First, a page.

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Review - Stateless in South Asia

Review - Stateless in South Asia

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Published by Hana Shams Ahmed

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Published by: Hana Shams Ahmed on Nov 02, 2011
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This article was downloaded by: [Panjab University]On: 02 November 2011, At: 04:49Publisher: RoutledgeInforma Ltd Registered in England and Wales Registered Number: 1072954 Registeredoffice: Mortimer House, 37-41 Mortimer Street, London W1T 3JH, UK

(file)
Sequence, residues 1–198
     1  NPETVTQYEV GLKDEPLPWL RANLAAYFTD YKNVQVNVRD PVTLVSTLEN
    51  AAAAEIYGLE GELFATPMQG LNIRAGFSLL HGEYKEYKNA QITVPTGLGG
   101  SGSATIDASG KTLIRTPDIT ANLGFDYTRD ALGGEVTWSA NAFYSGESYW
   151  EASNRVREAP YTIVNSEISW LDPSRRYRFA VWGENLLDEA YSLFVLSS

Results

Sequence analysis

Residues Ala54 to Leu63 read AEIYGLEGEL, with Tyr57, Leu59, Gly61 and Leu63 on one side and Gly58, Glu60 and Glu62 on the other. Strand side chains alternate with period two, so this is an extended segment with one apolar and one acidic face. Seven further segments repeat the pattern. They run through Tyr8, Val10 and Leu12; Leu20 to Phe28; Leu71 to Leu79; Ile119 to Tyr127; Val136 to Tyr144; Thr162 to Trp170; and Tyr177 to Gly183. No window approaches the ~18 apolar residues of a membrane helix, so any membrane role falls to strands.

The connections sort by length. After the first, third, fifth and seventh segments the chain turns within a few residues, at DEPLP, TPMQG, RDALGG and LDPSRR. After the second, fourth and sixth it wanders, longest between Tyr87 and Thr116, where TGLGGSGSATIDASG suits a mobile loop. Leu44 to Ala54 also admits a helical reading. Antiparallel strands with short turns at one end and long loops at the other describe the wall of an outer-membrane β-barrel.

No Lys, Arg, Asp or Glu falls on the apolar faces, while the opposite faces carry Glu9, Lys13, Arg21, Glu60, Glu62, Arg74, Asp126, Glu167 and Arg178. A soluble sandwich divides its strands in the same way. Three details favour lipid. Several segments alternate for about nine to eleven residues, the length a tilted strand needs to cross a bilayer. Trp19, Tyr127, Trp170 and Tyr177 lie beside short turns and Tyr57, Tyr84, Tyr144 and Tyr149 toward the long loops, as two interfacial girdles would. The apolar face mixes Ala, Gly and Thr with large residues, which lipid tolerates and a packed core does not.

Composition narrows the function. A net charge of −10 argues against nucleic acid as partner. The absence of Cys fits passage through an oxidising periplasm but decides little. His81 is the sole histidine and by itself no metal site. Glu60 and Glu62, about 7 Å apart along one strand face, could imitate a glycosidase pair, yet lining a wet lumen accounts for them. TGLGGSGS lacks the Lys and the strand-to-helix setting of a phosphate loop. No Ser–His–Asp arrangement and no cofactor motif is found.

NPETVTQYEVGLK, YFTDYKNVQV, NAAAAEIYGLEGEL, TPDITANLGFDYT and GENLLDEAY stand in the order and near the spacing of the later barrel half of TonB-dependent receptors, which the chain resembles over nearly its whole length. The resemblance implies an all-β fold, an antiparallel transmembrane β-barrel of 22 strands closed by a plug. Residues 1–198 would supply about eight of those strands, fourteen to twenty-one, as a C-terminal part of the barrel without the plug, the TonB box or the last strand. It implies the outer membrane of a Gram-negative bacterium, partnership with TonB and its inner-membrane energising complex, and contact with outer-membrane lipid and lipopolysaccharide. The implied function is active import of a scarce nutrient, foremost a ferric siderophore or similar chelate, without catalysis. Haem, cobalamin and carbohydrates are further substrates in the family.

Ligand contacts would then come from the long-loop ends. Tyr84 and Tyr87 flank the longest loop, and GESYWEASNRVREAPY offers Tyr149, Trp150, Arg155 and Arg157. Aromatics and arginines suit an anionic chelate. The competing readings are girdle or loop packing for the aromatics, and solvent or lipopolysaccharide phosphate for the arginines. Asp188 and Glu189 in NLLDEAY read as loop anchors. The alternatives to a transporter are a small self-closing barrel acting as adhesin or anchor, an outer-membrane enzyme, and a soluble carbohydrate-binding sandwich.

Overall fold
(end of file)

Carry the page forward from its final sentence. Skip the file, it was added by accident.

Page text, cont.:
Contemporary South Asia
Publication details, including instructions for authors andsubscription information:http://www.tandfonline.com/loi/ccsa20
Stateless in South Asia: the Chakmasbetween India and Bangladesh
Graham P. Chapman
University of Lancaster and the Open University, UKAvailable online: 19 Sep 2011
To cite this article:
Graham P. Chapman (2011): Stateless in South Asia: the Chakmas between IndiaandBangladesh,Contemporary South Asia, 19:3, 345-347
To link to this article: